There is nothing better than spending a night under the stars surrounded by nature. Camping is a great activity that can bring you closer to the great outdoors, not to mention it’s incredibly relaxing. What’s not so relaxing is trying to decide what kind of shelter you’re going to sleep in.
There are so many different options out there for you to choose from. When choosing the type of shelter for your camping trip, it’s important to keep in mind a few things: the location, the weather, the number of people you’re camping with and your own personal sleeping preferences.
Remember, different scenarios call for different types of shelter. You also need to take into consideration if you want to carry a light pack or if you don’t mind a little extra weight, and the type of terrain you’ll be dealing with.
This guide will give you a look at the pros and cons of the two most traditional and highly debated camping shelters: hammock vs tent. While both serve their purpose of providing you shelter from the elements, they do so in their own unique ways.
You should examine the pros and cons that both tents and hammocks have in each category, and choose the best option to keep you comfortable during your next camping trip.
This is often the first thing that a lot of campers think about when choosing a type of shelter. It’s important to keep in mind that a quality camping shelter, no matter what type, is a great thing to invest your money in. Here are some general price estimates for hammocks and tents, including the costs of additional equipment needed for both.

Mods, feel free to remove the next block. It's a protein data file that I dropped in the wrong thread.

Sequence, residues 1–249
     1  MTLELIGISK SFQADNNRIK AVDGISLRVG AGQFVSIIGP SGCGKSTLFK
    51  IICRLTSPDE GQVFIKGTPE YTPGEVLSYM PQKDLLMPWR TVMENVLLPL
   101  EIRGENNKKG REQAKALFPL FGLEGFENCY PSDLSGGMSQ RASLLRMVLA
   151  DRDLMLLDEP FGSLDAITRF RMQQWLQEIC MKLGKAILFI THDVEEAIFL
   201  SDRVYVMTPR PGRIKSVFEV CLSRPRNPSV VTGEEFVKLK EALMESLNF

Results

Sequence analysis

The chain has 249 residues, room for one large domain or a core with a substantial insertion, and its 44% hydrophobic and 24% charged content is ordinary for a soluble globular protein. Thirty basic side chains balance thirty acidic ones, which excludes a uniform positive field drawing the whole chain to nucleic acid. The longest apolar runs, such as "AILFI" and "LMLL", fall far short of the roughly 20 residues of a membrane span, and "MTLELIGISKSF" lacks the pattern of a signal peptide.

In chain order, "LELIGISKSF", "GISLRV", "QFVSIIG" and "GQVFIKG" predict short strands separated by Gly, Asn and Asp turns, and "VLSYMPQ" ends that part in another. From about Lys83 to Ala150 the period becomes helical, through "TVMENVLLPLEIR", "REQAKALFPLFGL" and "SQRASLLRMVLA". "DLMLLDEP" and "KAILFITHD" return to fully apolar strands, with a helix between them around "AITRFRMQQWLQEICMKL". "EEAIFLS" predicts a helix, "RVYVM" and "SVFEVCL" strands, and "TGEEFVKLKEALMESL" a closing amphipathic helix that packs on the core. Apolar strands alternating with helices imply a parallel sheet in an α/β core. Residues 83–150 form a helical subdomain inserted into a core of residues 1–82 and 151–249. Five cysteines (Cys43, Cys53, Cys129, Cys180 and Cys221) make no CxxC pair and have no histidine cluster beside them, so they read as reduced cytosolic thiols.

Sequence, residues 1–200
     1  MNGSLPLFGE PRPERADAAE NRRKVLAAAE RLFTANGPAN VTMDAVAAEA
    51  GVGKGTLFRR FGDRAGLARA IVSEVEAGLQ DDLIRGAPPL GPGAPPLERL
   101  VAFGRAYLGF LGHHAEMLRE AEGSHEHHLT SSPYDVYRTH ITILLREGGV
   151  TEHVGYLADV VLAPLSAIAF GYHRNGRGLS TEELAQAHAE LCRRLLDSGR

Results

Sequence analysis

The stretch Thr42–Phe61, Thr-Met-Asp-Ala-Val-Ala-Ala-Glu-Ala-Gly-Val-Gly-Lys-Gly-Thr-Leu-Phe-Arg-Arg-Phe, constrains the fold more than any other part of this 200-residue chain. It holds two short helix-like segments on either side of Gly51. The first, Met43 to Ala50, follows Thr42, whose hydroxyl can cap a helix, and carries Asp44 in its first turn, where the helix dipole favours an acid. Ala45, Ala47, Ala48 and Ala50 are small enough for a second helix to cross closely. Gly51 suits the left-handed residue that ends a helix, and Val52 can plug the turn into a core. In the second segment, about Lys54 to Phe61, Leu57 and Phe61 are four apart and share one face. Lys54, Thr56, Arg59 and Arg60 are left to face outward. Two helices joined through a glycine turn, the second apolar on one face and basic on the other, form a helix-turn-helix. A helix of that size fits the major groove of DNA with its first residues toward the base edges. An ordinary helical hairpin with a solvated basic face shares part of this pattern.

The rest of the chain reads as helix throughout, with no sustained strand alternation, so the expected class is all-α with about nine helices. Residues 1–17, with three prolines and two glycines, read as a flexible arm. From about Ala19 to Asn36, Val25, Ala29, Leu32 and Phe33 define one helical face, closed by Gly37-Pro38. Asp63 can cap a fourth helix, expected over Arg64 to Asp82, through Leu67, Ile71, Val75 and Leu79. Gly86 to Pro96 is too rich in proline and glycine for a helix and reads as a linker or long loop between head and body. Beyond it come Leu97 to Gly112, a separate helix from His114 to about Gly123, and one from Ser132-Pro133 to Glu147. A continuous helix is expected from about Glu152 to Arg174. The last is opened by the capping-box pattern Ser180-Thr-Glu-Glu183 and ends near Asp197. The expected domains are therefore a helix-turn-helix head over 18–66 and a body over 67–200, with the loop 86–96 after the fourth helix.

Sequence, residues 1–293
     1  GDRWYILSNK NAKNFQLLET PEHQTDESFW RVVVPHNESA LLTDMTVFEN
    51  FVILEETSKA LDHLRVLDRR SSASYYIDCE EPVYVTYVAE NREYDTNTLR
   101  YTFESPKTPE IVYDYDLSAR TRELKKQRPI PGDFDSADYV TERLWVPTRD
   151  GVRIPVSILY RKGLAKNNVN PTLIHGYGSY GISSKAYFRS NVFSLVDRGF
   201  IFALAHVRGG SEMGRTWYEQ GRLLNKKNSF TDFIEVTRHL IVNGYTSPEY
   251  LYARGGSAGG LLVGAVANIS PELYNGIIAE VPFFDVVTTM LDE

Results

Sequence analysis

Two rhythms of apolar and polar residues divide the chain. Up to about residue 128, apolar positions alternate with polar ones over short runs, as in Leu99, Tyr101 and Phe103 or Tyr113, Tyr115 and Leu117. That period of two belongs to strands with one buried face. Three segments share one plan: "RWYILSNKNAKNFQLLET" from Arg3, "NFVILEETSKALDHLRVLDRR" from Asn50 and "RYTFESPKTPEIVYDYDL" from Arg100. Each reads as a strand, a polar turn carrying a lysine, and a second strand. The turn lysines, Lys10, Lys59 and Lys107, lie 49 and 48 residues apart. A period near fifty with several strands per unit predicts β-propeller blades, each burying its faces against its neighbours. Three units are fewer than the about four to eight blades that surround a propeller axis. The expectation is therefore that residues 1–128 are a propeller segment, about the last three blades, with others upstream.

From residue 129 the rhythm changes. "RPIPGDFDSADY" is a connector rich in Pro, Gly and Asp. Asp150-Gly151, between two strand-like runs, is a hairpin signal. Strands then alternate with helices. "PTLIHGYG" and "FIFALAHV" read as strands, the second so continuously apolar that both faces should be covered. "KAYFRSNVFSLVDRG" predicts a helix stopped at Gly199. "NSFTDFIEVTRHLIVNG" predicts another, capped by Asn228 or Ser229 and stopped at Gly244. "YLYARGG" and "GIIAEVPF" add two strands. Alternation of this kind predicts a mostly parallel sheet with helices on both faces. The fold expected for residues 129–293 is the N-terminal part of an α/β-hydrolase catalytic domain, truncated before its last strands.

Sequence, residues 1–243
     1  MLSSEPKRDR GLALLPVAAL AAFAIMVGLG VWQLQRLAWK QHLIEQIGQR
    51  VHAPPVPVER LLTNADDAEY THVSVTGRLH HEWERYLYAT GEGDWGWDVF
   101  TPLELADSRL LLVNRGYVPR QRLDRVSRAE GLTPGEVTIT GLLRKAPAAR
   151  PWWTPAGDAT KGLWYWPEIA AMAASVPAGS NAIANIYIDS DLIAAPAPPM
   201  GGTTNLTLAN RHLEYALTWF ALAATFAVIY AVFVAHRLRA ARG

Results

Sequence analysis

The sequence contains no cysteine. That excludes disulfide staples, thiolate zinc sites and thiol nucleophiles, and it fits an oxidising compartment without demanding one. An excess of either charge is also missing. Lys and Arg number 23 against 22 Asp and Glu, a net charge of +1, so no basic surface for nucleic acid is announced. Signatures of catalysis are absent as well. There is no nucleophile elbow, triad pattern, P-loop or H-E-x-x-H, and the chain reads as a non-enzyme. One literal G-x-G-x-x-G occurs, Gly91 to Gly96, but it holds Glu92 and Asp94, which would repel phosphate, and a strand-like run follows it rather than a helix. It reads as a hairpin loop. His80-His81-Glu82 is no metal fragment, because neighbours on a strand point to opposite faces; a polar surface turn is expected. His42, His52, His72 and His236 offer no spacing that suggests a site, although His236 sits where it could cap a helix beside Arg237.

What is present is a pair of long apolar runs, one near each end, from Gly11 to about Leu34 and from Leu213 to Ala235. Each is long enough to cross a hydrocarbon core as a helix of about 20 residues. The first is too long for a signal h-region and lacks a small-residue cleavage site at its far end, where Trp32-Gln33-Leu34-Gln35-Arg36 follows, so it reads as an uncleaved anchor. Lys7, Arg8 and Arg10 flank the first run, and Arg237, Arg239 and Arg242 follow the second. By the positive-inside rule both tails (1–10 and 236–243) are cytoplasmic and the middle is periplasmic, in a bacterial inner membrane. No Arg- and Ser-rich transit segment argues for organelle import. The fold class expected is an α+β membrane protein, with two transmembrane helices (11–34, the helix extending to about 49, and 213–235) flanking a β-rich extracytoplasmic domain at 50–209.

Hammocks are generally an affordable camping shelter option. This is because the physical object itself requires less material and moving parts than a tent or other larger shelters. A good quality nylon hammock can cost you anywhere from $50 to $100 online or at an outdoor equipment store.
But if you’re going to be spending a full night anywhere other than your backyard in a hammock, you’re going to need more than just the hammock itself.
- Suspension system (around $40) – This is a necessary addition to your hammock, because most basic hammocks don’t come with the straps needed to safely secure it to nearby trees or poles. This isn’t an addition that you want to skip out on, and cannot be easily replaced with a rope.
- Bug Net (around $60) – If you don’t like flies buzzing around your face all night while you sleep, it’s a good idea to get a bug net that covers your face and body to protect you from getting bitten throughout the night. A bug net can also protect you from other creatures like snakes lurking around your hammock campsite.
- Hammock Rain Tarp ($75) – The biggest argument against hammocks is their lack of protection from the weather. But fear not, because with a rain tarp you won’t have to worry about waking up to a hammock filled with water. Even if it’s not raining, condensation and morning dew from the trees above you makes a rain tarp an essential addition to hammock camping.
- Hammock Under Quilt (around $100) – For those chillier nights, or if you’re in higher altitudes where the temperature tends to drop when the sun goes down, you’re going to be happy you have a hammock under quilt with you. Under quilts are essentially half of a sleeping bag that you put on your backside to avoid drafty chills that can often permeate the nylon lining of a hammock.